• Leave a Comment
  • kory


    January 29th, 2010 at 10:02 PM

    It is very important not to pressurize yourself into striving into becoming a ‘good’ parent… but what is actually required is to make sure that you and your baby comfort each other and are happy and content with each other’s presence… when there is good care-taking, the bond develops naturally…

  • Nancy


    January 29th, 2010 at 11:50 PM

    Thank you for writing this wonderful article! With three children of my own I often get overwhelmed and concerned about how I am raising them. Your article has given me some great ideas to aide me in my journey of being a loving and nuturing parent.

  • Carolyn


    January 30th, 2010 at 6:11 AM

    Parenting is really just all baout feeling things out for yourself and finding what feels right for you and your family. There is some great advice out there to be had but there are also some bad ideas that are flotaed around as well and it is hard to make sense of it all. But I think that the best thing to do, as I get my 2 cents worth in, is to find out what works best for you and your crew. Parenting is not one size fits all. Every family and family dynamic is different. As long as you give the children love and support the rest will typically fall into place.

  • Kallis


    January 30th, 2010 at 7:03 AM

    having a kid is a major event in any person’s life… it brings in a new relationship and also changes the aspects of your relationship with our spouse.

  • Jennifer Schafer

    Jennifer Schafer

    January 31st, 2010 at 9:43 AM

    I LOVED the article!!!! I found it very helpful. Parenting is hard and I agree that finding parents you feel like are doing a good job with their children. We moved out of state when my daughter was only 3 months old. I went to many play dates and found moms doing things that did not feel right in my heart. For example, forcing their kids to sleep alone in a crib and letting them cry it out! I knew that did not feel right in my heart. So I found Attachment Parenting International and La Leche League. Both organizations had the same belifes as me. I soon met many other moms doing things the way I did and felt at home with them. Finding the right group is key!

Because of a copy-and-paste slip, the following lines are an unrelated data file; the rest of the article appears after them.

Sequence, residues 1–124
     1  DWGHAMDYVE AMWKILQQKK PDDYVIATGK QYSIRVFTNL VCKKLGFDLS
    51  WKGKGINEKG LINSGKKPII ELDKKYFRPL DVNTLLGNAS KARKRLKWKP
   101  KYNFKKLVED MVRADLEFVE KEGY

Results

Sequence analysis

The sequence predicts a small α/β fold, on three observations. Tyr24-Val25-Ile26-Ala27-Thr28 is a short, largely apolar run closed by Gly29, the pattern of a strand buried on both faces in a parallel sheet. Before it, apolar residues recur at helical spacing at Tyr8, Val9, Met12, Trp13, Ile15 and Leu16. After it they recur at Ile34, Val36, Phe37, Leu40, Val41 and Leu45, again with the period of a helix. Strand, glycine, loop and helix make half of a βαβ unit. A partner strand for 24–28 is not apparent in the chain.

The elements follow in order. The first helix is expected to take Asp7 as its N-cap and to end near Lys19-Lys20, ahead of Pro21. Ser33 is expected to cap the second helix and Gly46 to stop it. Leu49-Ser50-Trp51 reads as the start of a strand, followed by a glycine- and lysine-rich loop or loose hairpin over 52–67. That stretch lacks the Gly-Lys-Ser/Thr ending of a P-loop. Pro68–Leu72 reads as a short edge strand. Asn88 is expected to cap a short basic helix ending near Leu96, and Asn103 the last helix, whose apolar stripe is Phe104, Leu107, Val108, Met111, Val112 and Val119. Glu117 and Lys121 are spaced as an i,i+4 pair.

• Nicole


    January 31st, 2010 at 9:49 AM

    I agree that it is important to discern good and bad influences. As a new mother, I found myself questioning my own intuition and searching for “quick fixes” as promised by some bad parenting advice. In the end, I learned to connect with my children and allow them to guide me through their needs on a much deeper level.

  • maggie W

    maggie W

    January 31st, 2010 at 12:06 PM

    Being a parent is hard work and if anyone ever tells you anything different then they are lying.

  • Olivia


    February 1st, 2010 at 12:33 PM

    When you become a parent that is definitely the time to throw away all of the bad influences in your life and concentrate on bringing only positive things into the life of your child. If you are not willing to let go of the negative environment then you are probably not ready to have a child!